On the top, the character (at this level, the only one that matters) is the

setting. Just as Vietnam had it’s oddities and tendencies, Rat’s mind had it’s

own pockmarked landscape with it’s own jungles and rain forests.

Now that one has identified the skew of the stained glass window the

story is viewed the through, one can begin to fully appreciate what happened to

Mary Anne, and the conflict she encounters. She finds herself torn between the

civilized world which has her long time love, and the uncivilized world, Vietnam

where she can exist in her purest form. There is a slow transition, as she

appears in preppy clothes, and she moves to “the habits of the bush. No

cosmetics, no fingernail filing. She stopped wearing jewelry, cut her hair short

and wrapped it in a dark green bandanna.” (109) She finishes in a bizarre

fashion, wearing her culottes, pink sweater, and tongue necklace. “She had

crossed to the other side. She was part of the land.” (125) How does this

happen? What makes this girl who has everything she wants give it all up to

live like an animal?

Mary Anne finally shed the illusions of grandeur from home and decided

she wanted to be a woman of the bush. It all starts with natural curiosity.

Mary Anne wants to understand the ways of war. She wants to understand it’s

people. However, she inexplicably finds herself out on ambush with the Green

Berets. “The Endorphins start to flow, and the adrenaline, and you hold your

breath and creep quietly through the moonlit nightscapes; you become intimate

with danger; you’re in touch with the far side of yourself, as though it’s

another hemisphere.” (123) She is beginning to become seduced by her basic

human instincts, the ones that say “Organized society is bad. Self dependency is

good. One should live within the wilderness. One should wear a necklace of


Being set in Vietnam, such a recognizable word, one so synonymous with

war, the irony of the situation leaps off the pages. Here is a man who has been

in-country for a decent amount of time. By bringing his girlfriend over, he is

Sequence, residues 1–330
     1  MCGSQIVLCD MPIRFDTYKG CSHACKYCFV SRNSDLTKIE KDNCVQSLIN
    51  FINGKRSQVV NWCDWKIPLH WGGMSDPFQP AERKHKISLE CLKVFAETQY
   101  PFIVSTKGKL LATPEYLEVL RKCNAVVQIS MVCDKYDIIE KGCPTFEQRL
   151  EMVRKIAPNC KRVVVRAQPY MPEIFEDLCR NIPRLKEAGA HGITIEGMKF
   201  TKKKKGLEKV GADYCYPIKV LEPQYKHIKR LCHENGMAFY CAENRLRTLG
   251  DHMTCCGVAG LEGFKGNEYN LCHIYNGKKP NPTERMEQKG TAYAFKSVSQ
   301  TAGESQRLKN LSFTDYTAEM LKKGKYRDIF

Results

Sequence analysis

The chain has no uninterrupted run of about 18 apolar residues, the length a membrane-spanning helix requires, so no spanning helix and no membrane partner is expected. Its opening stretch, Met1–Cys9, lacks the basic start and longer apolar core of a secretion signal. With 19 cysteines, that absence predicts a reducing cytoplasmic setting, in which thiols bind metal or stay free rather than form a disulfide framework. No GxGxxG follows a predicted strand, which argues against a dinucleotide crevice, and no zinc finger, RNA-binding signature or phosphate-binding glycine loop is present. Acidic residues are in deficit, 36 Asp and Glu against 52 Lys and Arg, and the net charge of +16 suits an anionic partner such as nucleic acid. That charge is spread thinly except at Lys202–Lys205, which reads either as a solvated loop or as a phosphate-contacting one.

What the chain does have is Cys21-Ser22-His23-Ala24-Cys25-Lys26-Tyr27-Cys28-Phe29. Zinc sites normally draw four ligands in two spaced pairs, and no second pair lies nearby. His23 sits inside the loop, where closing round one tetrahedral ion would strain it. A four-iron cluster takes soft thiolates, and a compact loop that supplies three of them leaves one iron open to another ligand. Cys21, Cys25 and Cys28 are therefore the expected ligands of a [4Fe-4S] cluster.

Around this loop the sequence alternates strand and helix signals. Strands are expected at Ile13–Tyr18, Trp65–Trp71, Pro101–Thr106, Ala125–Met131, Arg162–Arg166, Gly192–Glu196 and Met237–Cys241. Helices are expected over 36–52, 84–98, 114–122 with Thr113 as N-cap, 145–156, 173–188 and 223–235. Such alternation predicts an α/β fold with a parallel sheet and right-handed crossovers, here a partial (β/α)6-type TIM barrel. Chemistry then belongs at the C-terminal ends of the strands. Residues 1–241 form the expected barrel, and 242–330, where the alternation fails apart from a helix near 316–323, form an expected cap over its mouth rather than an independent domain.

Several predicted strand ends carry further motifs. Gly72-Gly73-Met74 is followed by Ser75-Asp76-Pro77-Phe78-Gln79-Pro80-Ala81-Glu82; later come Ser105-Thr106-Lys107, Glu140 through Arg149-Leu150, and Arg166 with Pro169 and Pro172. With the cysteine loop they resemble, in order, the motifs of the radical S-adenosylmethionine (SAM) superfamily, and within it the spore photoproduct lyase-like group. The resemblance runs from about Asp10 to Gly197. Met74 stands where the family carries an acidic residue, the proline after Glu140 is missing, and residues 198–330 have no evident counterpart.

bringing into the fray somebody who has no idea of the dangers of the bush,

somebody who, being a girl, and according to modern and past military policy,

shouldn’t have been there. He should be the one who, in relation to her,

understands the war. However, this doesn’t hold true. She becomes the

understanding and wise one, as she exclaims “You hide in this little fortress,

behind wire and sandbags, and you don’t know what’s out there or what it’s all

about or how it feels to really live in it.” (121) A month earlier, he could

have told her the exact same thing to prevent her from becoming so intimate with

the country, it’s inhabitants, and the war itself.

At it’s base level, the inner core of Song Tra Bong, the interaction

between setting and character is immense. So immense, in fact, that the setting

itself becomes a character, interacting with the other characters, causing

conflict. At it’s base level, Song Tra Bong is about the land, and maturing to

return to innocence. It’s about evolving so one can devolve. It’s about

returning to the land, and it’s about the land seducing people to return to it.

” ‘Sometimes I want to eat this place. Vietnam. I want to swallow the whole

country – the dirt, the death – I just want to eat it and have it there inside

me. ? I feel close to myself.’ ” (121) Mary Anne now knows who she is. She has

found her calling.

In Sweetheart of the Song Tra Bong, setting is paramount. If one were

to take this story and place it in New York City, it would be laughed at. As

Mary Anne said, ” ‘You can’t feel like [this] anywhere else.’ ” (121) The story

takes place in two places. On one level, it takes place in the heart of the

jungle, deep in Vietnam. On this level, the setting plays such an important

role that it becomes a character. It seduces Mary Anne, and it talks to her.

The story also takes place in the heart of Rat Kiley. On this level, the

character influences the story in such a way that he becomes the top level

setting. In the end, ” ‘?it wasn’t all that complicated. The girl joined the

zoo. One more animal – end of story.’ ” (117) But as Mitchell Sanders not-so-

gently tells Rat ” ‘ Yeah, fine. But tell it right.’ ” (117), the reader must

also try to read it right. If the different settings are identified, separated

and analyzed, then the true idea behind the story comes out.